Figure 2A-F. The superior surface of the cerebellum-brainstem complex with gradual fiber dissection. (A, B) Superior view of the cerebellum. (C-F) The underlying white matter is revealed when the anterior and posterior quadrangular lobules are removed. The asterisk (*) shows the white matter that covers the dentate nucleus. 4n, 4 cranial nerve; ca, cerebral aqueduct; cul, culmen; dec, declive; fol, folium; hf, horizontal fissure; ic, inferior collicul; icp, inferior cerebellar peduncle; isl, inferior semilunar lobule; pf, primary fissure; qua, anterior quadrangular lobule; qup, posterior quadrangular lobule; sc, superior collicul; scp, superior cerebellar peduncle; ssl, superior semilunar lobule.

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Model 2A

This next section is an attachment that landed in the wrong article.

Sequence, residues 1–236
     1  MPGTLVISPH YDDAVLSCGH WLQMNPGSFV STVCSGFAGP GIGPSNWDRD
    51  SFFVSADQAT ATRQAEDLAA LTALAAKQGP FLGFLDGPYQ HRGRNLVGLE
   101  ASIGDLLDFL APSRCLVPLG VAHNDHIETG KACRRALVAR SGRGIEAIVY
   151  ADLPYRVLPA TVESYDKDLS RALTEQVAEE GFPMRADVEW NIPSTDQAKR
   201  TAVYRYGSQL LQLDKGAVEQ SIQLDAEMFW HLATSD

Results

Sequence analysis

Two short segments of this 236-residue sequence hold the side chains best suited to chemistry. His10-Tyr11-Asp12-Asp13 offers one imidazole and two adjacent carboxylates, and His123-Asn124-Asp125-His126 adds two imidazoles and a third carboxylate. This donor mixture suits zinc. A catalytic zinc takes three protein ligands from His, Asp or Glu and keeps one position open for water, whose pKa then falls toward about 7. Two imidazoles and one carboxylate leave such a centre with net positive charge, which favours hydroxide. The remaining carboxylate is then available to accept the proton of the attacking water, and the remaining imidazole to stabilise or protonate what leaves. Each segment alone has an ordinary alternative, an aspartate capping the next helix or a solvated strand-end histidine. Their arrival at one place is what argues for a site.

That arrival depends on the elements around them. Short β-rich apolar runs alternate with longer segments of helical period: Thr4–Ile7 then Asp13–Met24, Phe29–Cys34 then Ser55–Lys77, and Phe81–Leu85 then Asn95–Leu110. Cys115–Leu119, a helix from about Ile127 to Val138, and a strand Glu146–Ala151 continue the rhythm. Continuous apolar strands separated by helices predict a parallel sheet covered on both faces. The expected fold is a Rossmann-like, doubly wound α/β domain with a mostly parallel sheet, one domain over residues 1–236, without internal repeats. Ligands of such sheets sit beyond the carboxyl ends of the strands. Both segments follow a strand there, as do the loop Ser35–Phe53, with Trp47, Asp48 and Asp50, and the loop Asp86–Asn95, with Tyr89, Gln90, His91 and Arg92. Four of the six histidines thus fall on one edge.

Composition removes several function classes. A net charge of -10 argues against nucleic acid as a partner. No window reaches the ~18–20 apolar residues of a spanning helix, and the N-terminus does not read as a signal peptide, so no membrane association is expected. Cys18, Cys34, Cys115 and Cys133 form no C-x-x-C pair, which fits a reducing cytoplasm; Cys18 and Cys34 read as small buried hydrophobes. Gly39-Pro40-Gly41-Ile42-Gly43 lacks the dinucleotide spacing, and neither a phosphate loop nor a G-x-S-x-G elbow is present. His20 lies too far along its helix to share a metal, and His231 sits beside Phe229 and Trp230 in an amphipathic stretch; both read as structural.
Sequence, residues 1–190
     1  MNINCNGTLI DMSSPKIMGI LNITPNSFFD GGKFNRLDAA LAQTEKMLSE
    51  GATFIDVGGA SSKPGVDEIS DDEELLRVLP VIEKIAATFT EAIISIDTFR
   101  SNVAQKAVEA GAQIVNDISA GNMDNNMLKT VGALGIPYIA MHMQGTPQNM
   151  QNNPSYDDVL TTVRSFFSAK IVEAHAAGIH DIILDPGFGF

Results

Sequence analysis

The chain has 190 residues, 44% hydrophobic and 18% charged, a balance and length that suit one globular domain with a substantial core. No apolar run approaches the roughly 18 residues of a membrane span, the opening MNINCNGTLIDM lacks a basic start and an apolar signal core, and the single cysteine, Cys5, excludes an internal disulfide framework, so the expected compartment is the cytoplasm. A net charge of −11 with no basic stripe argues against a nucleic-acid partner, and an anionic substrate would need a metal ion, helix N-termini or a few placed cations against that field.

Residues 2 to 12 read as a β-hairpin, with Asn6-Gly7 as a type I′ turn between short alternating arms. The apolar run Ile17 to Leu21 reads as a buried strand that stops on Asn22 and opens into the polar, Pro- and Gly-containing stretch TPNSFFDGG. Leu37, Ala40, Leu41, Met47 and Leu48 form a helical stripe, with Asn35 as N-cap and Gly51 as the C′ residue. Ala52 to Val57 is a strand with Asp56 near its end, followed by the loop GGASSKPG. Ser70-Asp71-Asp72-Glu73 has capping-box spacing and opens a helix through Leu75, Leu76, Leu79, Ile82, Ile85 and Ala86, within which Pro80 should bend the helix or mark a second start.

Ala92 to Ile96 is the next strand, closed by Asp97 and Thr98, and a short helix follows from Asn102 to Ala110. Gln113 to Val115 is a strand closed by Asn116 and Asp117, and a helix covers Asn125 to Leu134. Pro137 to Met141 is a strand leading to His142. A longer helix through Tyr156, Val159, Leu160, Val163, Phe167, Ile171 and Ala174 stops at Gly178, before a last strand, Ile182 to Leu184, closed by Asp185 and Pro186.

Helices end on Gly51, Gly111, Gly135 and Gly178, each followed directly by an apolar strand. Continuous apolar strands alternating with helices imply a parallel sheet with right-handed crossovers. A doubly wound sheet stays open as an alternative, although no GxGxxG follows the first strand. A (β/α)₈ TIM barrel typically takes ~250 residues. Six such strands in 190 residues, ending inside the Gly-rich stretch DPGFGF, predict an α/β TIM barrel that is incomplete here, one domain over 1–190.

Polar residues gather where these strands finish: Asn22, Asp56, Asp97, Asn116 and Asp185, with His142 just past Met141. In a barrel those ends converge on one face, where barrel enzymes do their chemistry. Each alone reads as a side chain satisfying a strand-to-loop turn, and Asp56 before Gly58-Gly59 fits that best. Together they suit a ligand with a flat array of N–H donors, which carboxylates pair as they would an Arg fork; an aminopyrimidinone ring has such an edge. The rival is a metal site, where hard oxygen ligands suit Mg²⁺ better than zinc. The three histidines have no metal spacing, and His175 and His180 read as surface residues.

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Model 2C, 2E

Figure 2G-J. The superior surface of the cerebellum-brainstem complex with gradual fiber dissection. (G, H) The cerebellar peduncles are seen when the white matter is dissected. The asterisk (*) shows the white matter that covers the dentate nucleus. (I, J) The anterior and posterior quadrangular lobules were removed. 4n, 4 cranial nerve; ca, cerebral aqueduct; cul, culmen; dec, declive; fol, folium; hf, horizontal fissure; ic, inferior collicul; icp, inferior cerebellar peduncle; isl, inferior semilunar lobule; pf, primary fissure; qua, anterior quadrangular lobule; qup, posterior quadrangular lobule; sc, superior collicul; scp, superior cerebellar peduncle; ssl, superior semilunar lobule.